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May/June, 2010

Romania Report: Cracking down on smuggling would net Romania €1 bn

Bucharest - British American Tobacco, the Romanian cigarettes market leader, as well as Japan Tobacco International Romania and Philip Morris Romania reported abrupt losses on the sales volume at the beginning of 2010. The BAT sales dropped by 15–17 %, and up to 40 % for JTI.

These losses are largely attributed to cigarette smugglers and counterfeiters. Manufacturers have asked for dialogue with the authorities in the attempt to cut down on this phenomenon. The tobacco industry is one of the biggest contributors to the Romanian state budget. The three major companies provided the state with over ?2 bn in 2009, from VAT and other taxes. Last year, the state confiscated more than 202 mn smuggled cigarettes.

Romania is not the only country facing this phenomenon. In the US, President Obama has recently signed a bill created (PACT) to stamp out tobacco smugglers, in an attempt to restore significant amounts of revenue lost because cigarette taxes are not being paid. In Ireland local Police cracks down on smugglers, as convictions for tobacco smuggling are up 100% at the end of March 2010. In Switzerland the World Health Organization’s plan against tobacco smuggling is stalled over ways to trace products, duty free sales etc. The program would “Implement carton tracking in risk markets.”

In March Romanian officials announced a new national strategy to fight cigarettes smuggling was to be implemented in 45 days. The Government formed a Work Group that would prepare the national strategic plan for fighting the illegal cigarettes traffic in the next two years. This order was also published in the Official Monitor. According to this document, ANAF will coordinate the new structure, which will include members of the National Customs Authority, the Financial Guard and of the police.

More lawsuits?
Ottawa - Canada’s federal government can appeal court rulings that named it as a defendant in a multibillion-dollar lawsuit launched against tobacco firms, the Canadian Supreme Court recently announced.

The province of British Columbia is seeking bns of dollars in health care costs from the tobacco industry in a case that is due to go to trial in September 2011. The province’s appeal court ruled last December that the federal government should be a third-party defendant, meaning it may have to share in any liability awarded by the province’s courts. The firms targeted are: R.J. Reynolds Tobacco Co, Japan Tobacco’s JTI-Macdonald unit, and Rothmans Benson & Hedges Inc.

The tobacco industry argued that government should share in any responsibility for damages because they were partners in the sale of tobacco by keeping it legal and collecting tax revenue from it.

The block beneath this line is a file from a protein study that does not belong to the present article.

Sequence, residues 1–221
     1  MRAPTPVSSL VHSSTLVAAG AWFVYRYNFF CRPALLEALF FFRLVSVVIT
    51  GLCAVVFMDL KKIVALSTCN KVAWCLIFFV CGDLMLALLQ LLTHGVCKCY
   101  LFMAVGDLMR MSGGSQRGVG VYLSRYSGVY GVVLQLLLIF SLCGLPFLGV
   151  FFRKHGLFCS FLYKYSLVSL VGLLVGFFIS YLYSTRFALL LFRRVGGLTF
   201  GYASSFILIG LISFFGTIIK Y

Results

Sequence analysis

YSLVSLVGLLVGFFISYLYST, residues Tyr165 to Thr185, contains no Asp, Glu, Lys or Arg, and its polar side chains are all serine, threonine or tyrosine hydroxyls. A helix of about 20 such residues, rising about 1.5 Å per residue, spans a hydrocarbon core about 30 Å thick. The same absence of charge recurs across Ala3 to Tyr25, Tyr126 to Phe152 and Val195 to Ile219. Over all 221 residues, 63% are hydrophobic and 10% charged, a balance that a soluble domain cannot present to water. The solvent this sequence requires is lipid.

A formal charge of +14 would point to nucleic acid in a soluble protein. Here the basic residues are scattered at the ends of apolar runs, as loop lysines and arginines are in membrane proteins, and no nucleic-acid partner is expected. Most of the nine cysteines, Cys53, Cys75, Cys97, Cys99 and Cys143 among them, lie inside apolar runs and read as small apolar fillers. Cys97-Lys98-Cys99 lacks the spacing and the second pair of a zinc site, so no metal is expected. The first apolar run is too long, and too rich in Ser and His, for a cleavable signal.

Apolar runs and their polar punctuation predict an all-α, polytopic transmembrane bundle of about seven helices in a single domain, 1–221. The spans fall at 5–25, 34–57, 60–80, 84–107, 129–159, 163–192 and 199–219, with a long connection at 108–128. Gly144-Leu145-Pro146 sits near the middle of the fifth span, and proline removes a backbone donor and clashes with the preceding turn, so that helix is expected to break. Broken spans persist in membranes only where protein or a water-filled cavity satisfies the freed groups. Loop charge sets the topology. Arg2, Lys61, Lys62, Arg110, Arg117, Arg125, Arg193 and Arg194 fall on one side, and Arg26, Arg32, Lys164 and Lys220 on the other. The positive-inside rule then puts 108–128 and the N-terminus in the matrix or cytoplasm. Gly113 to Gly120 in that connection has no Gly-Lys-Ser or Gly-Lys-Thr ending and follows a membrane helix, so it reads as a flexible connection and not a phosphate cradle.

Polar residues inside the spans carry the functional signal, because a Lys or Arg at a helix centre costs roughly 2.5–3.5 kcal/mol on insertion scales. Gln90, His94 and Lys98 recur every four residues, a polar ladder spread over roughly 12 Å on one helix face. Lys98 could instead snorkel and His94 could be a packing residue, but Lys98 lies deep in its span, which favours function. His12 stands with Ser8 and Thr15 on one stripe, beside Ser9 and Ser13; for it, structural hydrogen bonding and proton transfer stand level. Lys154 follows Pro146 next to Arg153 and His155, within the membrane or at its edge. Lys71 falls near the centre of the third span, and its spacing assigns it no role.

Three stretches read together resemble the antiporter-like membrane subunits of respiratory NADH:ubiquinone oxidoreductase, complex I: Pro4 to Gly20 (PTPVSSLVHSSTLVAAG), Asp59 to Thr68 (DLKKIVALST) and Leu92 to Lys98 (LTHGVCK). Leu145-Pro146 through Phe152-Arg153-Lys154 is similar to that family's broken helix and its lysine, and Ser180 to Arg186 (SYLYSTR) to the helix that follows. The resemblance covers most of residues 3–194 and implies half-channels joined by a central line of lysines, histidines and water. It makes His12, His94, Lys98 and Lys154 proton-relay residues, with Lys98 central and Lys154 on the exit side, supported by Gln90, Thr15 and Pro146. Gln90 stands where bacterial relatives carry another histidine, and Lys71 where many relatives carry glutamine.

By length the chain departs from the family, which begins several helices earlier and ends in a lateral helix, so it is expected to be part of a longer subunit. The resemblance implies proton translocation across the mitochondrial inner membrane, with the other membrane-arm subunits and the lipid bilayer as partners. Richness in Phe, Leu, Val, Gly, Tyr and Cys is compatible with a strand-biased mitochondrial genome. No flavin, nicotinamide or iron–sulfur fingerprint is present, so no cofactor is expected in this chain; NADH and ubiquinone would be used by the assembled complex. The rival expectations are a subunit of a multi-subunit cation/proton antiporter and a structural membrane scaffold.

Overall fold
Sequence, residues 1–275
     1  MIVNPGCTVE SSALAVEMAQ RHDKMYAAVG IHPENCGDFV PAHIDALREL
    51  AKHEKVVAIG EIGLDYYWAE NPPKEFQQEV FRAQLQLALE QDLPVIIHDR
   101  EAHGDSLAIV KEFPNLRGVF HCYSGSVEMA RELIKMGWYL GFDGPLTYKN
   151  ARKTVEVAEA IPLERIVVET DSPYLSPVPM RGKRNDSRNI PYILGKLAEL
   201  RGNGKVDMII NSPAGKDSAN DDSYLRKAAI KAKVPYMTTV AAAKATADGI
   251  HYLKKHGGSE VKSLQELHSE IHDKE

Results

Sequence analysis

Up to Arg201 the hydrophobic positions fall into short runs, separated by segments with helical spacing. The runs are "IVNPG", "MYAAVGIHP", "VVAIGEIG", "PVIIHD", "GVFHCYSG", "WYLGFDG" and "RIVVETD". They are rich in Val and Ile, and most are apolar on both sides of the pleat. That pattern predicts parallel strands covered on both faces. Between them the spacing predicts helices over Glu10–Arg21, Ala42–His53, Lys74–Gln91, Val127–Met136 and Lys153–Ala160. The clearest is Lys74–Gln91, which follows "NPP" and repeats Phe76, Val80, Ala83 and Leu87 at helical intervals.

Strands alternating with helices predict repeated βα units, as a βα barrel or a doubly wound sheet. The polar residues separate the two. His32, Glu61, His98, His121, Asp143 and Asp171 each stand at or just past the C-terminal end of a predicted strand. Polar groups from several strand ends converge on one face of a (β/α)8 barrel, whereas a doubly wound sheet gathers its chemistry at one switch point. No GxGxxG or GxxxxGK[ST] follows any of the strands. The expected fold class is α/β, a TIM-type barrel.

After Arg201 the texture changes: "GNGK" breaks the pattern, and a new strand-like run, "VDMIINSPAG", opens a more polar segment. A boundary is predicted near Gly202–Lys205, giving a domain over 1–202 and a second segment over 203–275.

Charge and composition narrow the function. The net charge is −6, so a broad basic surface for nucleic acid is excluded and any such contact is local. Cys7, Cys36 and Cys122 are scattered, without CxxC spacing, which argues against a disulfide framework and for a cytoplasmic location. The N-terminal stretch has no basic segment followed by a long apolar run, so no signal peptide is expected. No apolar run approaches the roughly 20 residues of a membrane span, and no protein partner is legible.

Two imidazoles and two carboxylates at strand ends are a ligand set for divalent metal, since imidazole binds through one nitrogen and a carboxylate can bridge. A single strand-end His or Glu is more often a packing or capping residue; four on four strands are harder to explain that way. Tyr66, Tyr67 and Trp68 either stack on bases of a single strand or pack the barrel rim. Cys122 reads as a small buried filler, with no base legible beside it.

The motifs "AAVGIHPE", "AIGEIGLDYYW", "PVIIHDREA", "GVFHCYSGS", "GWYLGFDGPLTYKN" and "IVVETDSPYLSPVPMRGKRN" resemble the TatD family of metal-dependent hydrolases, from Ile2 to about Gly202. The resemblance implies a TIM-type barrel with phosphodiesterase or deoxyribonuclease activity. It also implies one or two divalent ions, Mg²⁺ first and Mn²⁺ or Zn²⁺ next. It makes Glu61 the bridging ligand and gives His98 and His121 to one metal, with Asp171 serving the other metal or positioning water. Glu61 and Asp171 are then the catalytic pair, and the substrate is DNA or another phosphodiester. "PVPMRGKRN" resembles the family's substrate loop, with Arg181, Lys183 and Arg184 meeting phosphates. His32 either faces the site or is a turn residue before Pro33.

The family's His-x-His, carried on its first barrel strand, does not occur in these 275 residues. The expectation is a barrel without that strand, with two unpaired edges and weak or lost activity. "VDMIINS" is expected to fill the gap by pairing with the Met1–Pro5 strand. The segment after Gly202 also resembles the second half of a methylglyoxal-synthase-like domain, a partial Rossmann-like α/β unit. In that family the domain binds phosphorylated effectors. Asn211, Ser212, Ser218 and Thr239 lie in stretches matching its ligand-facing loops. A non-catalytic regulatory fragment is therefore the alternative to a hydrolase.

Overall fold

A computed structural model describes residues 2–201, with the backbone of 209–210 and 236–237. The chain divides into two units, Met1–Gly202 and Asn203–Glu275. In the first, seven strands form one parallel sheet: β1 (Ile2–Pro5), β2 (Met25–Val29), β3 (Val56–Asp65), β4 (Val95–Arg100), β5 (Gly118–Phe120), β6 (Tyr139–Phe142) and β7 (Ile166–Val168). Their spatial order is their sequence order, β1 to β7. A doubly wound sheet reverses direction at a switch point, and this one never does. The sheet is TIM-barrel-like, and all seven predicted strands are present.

Several of Canada’s provinces have sued the industry for bns in damages, but the British Columbia case - based on legal action by US states - was filed first and Canadian courts are using it as the lead case.

The Canadian government was also named as a third-party defendant in a separate action by British Columbia smokers against Imperial Tobacco Canada Ltd. The claimants allege they were misled into believing cigarettes labeled mild or light were safer to smoke.

United States
Florida’s largest tobacco trial in death of 80-year-old smoker
Fort Lauderdale - R.J. Reynolds Tobacco Co. must pay $29.1 mn to the widow of a Florida man who started smoking at age 13 and died of chronic obstructive pulmonary disease in 2008 according to a Fort Lauderdale jury.

The unanimous verdict today by six state jurors includes $4.1 mn in compensatory damages and $25 mn in punitive damages. After deliberating for five hours at the end of a three-week trial, the jurors found R.J. Reynolds 77.5% responsible for Matthew Buonomo’s illness and death at age 80. They said Buonomo was 22.5% responsible.

“Certainly we’re disappointed with the jury’s findings in this case,” said R.J. Reynolds spokesman David Howard. “We will appeal.”

Jurors in Florida have delivered more than $230 mn in verdicts for smokers and their families since February 2009. The plaintiffs in the cases sued after the Florida Supreme Court decertified a state-wide smokers’ class action in 2006. In that decision, the Florida high court ruled that smokers can’t sue as a class and overturned a $145 bn punitive damages verdict in the case. The court said that former class members in the Engle case, named for lead plaintiff Howard Engle, can sue individually.

Tobacco International - May/June, 2010

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